... and ain't i a woman?: A monogamy gene?

December 1, 1999

and ain't i a woman?

A monogamy gene?

Scientists at Emory University claim to have found a gene that regulates some aspects of animal social behaviour, including whether mating couples stay together or move on to other sexual partners. The researchers labelled it the "sociability" gene, but others, keen to extrapolate the results to human behaviour, have dubbed it the "monogamy" gene.

By genetically manipulating a specific receptor in the brain, researchers say they have transformed an antisocial mouse into a more social animal. DNA strands from pair-bonding prairie voles (burrowing rodents) were spliced into "promiscuous" mice, resulting in the latter becoming more bonded to their mates, sticking around even when the females weren't in heat.

"What is really intriguing about this", said Tom Insel, one of the researchers, "is that a change in the promoter sequence of a single gene can lead to ... this profound difference in something as complex as social behaviour".

Columnists have since speculated on the possibility of developing a "monogamy" drug. In Salon, a magazine of dubious quality, Virginia Vitzthum wrote on September 7 that perhaps Bill Clinton could be the first human test subject for monogamy gene therapy with possible drug names such as "Luvone, PantzOn and Noagra".

The problem with extrapolating conclusions about human behaviour from experiments on animals is that variants of instinctive animal behaviour do not shed much light on human thought and action.

While some may argue that most parliamentarians are exceptions, humans are not rodents, and the explanations for our actions are not comparable to those governing rodent behaviour. Humans are conscious beings, capable of thought, self-awareness and an ability to alter the way we respond to physical drives.

The relationships — the social bonds — we form with other humans are based on conscious thought, but are also powerfully shaped by conditioning and socialisation.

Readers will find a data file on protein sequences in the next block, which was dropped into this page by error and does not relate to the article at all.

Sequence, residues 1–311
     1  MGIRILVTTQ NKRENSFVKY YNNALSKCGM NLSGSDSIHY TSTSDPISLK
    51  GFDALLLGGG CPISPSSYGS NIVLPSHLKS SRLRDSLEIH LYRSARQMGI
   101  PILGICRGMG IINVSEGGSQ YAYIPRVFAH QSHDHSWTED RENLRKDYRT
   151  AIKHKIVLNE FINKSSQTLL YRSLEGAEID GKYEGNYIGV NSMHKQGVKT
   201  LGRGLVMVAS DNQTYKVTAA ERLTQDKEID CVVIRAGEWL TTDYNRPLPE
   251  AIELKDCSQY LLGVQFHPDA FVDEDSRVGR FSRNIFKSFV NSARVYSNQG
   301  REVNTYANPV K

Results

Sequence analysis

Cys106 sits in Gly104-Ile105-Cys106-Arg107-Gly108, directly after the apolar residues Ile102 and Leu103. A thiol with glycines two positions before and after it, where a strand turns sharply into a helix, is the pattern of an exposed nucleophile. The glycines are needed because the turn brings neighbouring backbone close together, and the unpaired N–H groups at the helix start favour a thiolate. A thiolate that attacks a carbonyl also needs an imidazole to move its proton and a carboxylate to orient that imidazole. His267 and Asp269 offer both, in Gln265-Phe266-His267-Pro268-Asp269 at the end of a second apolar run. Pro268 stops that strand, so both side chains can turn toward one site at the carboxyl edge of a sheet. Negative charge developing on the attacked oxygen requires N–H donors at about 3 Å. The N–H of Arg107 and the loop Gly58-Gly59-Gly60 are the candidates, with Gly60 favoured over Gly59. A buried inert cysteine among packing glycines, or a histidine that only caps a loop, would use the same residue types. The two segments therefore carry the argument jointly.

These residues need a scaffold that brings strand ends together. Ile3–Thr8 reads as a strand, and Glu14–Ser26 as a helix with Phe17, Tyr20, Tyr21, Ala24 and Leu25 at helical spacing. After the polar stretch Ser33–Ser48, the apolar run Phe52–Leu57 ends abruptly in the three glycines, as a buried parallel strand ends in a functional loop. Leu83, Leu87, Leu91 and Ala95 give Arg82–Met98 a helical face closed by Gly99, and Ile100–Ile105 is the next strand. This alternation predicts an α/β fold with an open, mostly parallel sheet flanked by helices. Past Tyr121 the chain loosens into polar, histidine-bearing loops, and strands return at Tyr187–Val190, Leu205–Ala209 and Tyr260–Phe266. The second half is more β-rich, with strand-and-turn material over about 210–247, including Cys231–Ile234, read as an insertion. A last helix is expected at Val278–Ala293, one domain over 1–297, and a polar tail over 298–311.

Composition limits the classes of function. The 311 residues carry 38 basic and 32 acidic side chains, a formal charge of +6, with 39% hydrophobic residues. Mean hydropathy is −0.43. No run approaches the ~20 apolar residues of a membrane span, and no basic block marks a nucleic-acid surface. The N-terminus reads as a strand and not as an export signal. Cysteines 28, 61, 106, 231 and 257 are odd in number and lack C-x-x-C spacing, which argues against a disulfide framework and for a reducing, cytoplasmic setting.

In human society, monogamous marriage is a form of social bonding that appeared only relatively recently as the norm. Prior to the development of a level of food production sufficient to give rise to a surplus, human society was egalitarian, and responsibility for the upbringing of the next generation was a collective task.

Class society developed when it became possible for some members to take control of the surplus generated by improved horticultural and herding techniques. During the change from a clan system to a father-dominated "family" system, the issue of passing on one's property to children gave rise to the need to identify their fathers.

The only way to ensure this was to ensure that the children's mothers had sexual relations with only the one man. Monogamous marriage was institutionalised to ensure legitimate heirs to the father's property; this monogamy has usually applied only to women, restricting only their behaviour.

By the time of the ancient civilisations of Greece and Rome, this form of the family had been firmly institutionalised. It was looked upon and handled as a business transaction, and it applied only to the propertied classes. Plebeians did not marry in the formal sense, and slaves did not marry at all.

Demosthenes, a famous orator, described the role of women in the class society of that time: "We marry a woman in order to obtain legitimate children and have a faithful warder in the home; we keep female slaves for our service and daily care; and concubines for the enjoyment of love".

Double standards on monogamy still thrive. Married men responding to a Salon survey by Vitzthum uniformly condemned the idea of a monogamy drug, with such terms as "castration" and "lobotomy".

Monogamy as an ideal, if not in practice, seems "natural" to many people now, only because of the conscious effort to reinforce this ideology, the same ideology which has dictated many other oppressive aspects of women's lives.

But there is nothing essentially "natural" about human behaviour. People behave according to the dictates of constructed social norms which have changed through human history and can continue to do so; this includes the way humans satisfy the need for all forms of social contact.

In a future rational society, when class distinctions have been overcome, a whole range of relationships may develop which no longer have property (or the lack of it) as a factor, and may include many variations on the monogamous couplings we now see as "normal".

By Margaret Allum

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